Wednesday, September 8, 2010
September 8, 2010
We took a trip today to the Ear, Nose and Throat Doctor and he said that Mom looks GREAT. No damage to anything and he encouraged her to try a little harder to eat some solid foods even if it doesn’t take good.
I made some chicken and rice and corn tonight and guess who ate? From a plate? MOM!! I’m so proud of her that we took a photo. Taste is slowly coming back but after a few bites the throat starts to hurt. She needs to start slow but she’s doing so well.
Mom and Dad celebrated their 49th wedding anniversary on the 6th by purchasing a fish tank. It looks pretty and I’ve included a photo of that as well.
On Friday I’m sending them both to get their heads examined! Hee hee hee Seriously – they are both getting an MRI. Dad will have one of the brain at 1:05 p.m. just to rule out tumors, cysts, clots and silent strokes which could all lead to the same symptoms as dementia. Mom is having an MRI of her brain at 1:30 p.m. to see if the cancer ran and hid out in the brain. That’s where cancer likes to go when it starts to get beat up by chemo drugs. If the cancer is there – then we attack. If it is not – the decision is up to her as to whether or not to go through prophylactic radiation to the brain. Why radiate a good brain? Right now all the studies and research shows that the benefits far outweigh the risks. But the decision is Mom’s and we have told her she has our full support no matter what she chooses. I have had the privilege of speaking with several Oncologist’s around the country via email and some on medical blogs. They all say the same thing: although it’s a new approach, since it is a rare cancer, the benefits of this procedure are greater than the risks.
So please keep her in your prayers as I know you have been. She is doing so amazingly well but this decision and next step is very scary. I’ll try to answer a few questions here on the blog and if you have any you would like me to post here and answer just email them to me please at email@example.com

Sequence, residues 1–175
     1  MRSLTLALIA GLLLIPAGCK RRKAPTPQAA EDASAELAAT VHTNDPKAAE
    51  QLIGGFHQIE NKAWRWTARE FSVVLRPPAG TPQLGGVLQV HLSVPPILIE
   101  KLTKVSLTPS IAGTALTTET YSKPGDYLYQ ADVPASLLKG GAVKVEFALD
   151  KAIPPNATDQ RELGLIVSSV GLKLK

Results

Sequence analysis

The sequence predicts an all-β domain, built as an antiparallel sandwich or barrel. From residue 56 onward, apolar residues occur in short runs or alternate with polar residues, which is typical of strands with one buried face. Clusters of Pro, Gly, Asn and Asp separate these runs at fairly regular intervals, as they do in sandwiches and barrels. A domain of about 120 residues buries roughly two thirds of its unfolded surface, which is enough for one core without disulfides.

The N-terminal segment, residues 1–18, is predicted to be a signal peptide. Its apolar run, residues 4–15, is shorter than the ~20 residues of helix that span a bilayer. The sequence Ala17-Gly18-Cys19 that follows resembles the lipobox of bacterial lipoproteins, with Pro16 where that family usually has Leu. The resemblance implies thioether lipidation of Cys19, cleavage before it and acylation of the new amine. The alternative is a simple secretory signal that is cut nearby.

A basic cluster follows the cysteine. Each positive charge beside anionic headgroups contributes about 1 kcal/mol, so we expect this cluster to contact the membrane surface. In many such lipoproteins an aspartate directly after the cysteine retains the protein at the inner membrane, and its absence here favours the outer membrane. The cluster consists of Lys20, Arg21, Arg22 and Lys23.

What are the potential risks of prophylactic radiation to the brain?
· Hearing loss and possible fluid retention in the ears
· Slight skin irritation to the head
· Hair loss which may or may not come back
· Minor cognitive impairment but not to the extent one would notice in casual conversation
What are the potential risks if we do NOT do this procedure?
· The cancer can grow and metastasize anywhere in the brain and cause severe cognitive impairment and death
Could she still get brain cancer if the do the procedure?
· Yes. There is a chance especially if the cancer is hiding deep inside the brain or near the brain stem (the brain stem is NOT radiated during this procedure)
If she gets this procedure, and gets brain cancer, can they then get the cancer with more radiation or chemo?
· No. That’s the hard one. Our research says (and if you hear otherwise PLEASE tell us) that radiation to the brain can take place once. Any more than that and cognitive impairment is very likely.
· Chemo for brain cancer is tough. Since most of the chemical won’t get through the blood barrier of the brain, the chemo would have to be administered directly in to the brain via a shunt in the skull. Did you just shudder a bit? So did we. That, again, would be a decision that Mom would have to make.
So the good news again is that the cancer ‘appears’ to have gone away with the first round of chemo and radiation. The rough news is that just because it doesn’t show up on a PTscan, doesn’t mean it isn’t lurking right around the corner. That’s why she will get PTscan’s every couple of months for the next 5, yes count them, FIVE years. Once we get past the 5 year mark with no more cancer – we’re home free.
I’ve spent countless hours and lots of very late evenings researching our options online. Nutrition is a HUGE part of this and Mom has a great diet schedule and with only a few minor adjustments here and there her nutrition intake should be able to battle most things. But we all know that cancer is never pretty, it changes and adapts, and once it is in you, its probably always hiding out just wondering if it is ‘safe’ to come out and start gathering friends and setting up shop.
Mom is doing well. She has been walking with Dad again like they used to. She was cooking some breads and rolls this past week and has been active around the house. It is nice to see her getting back to some sense of normalcy. However, life is never back to what it was before we got the original diagnosis. And so Mom’s strength will continue to serve her well as she seeks out new ways to live – new ways to fight – and new ways to stay on top of her game. GO MOM!